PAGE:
Meyer Lemon Curd
Nothing brightens up the cold, rainy months like the tangy, buttery snap of fresh lemon curd. The ultimate winter comfort food, lemon curd is like all the promise of the coming summer bursting on the tongue. Try it on scones, English muffins, as a pastry filling, or with warmed croissants. Most likely you will end up eating it out of the jar with a spoon. You will not find fresh lemon curd for sale, you simply must make it.
2 cups sugar
Zest of 6-8 Meyer lemons
9 egg yolks
2 cups Meyer lemon juice
2 ½ sticks of butter, chilled and cut into small pieces
Place the sugar and zest in a large saucepan. With the bottom of a jar or wine bottle, press the zest into the sugar for 2-3 minutes to release the oils. Whisk in eggs and yolks over low-medium heat, stirring and scraping continuously. When mixture thickens considerably, whisk in lemon juice. Bring to a simmer and continue to stir until it thickens again (160º on an instant thermometer, if you have one). Remove from heat and stir in butter pieces until incorporated. Pour into a strainer over a large bowl or pot, pressing the curd through the strainer with the back of a wooden spoon (save the spent zest, it’s great in yogurt or over oatmeal). Ladle curd into 6 pint-sized canning jars and screw the lids on. Refrigerate when cool. Fresh lemon curd will keep in a refrigerator for 4-6 weeks, but it usually gets gobbled up long before then.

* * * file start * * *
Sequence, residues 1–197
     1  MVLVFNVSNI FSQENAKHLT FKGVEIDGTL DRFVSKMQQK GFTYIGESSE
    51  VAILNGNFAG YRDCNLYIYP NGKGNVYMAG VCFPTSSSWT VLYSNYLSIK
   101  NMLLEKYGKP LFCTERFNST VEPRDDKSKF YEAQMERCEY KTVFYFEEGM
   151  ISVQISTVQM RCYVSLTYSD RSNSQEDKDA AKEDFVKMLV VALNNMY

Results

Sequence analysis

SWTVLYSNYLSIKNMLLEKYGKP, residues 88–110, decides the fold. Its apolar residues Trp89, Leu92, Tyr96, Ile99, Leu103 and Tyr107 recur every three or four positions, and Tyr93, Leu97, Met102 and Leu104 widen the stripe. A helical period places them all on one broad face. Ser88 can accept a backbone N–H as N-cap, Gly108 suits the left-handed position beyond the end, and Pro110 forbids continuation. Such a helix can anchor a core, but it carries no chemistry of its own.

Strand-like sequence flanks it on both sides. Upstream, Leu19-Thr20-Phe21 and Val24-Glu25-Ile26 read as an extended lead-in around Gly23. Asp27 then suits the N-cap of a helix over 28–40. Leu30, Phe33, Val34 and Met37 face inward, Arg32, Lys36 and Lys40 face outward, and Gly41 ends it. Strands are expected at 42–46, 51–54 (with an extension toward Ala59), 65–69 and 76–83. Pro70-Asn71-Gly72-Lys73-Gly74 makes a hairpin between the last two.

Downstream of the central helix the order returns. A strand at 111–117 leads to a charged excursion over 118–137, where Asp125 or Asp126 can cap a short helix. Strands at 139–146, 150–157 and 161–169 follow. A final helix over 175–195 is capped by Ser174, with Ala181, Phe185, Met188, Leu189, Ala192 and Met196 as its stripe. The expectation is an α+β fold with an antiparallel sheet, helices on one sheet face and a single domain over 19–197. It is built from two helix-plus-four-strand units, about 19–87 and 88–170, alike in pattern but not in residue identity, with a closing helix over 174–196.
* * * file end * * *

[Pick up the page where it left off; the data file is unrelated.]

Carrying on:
Preserved Meyer Lemons
The simple practice of preserving lemons in salt comes from Morocco, and is a revelation. Use the preserved rinds in soups, stews, sauces, salads, paella, pizza, Martinis, and as a low-fat, salty alternative to kalamata olives or pancetta. The pulp and juice are great in Bloody Marys, chili, and anything else that could benefit from a touch of brightness and pizzazz. Jars of carefully preserved lemons are beautiful gifts for the foodies in your social circle.
7-8 Meyer lemons
½ cup coarse kosher or sea salt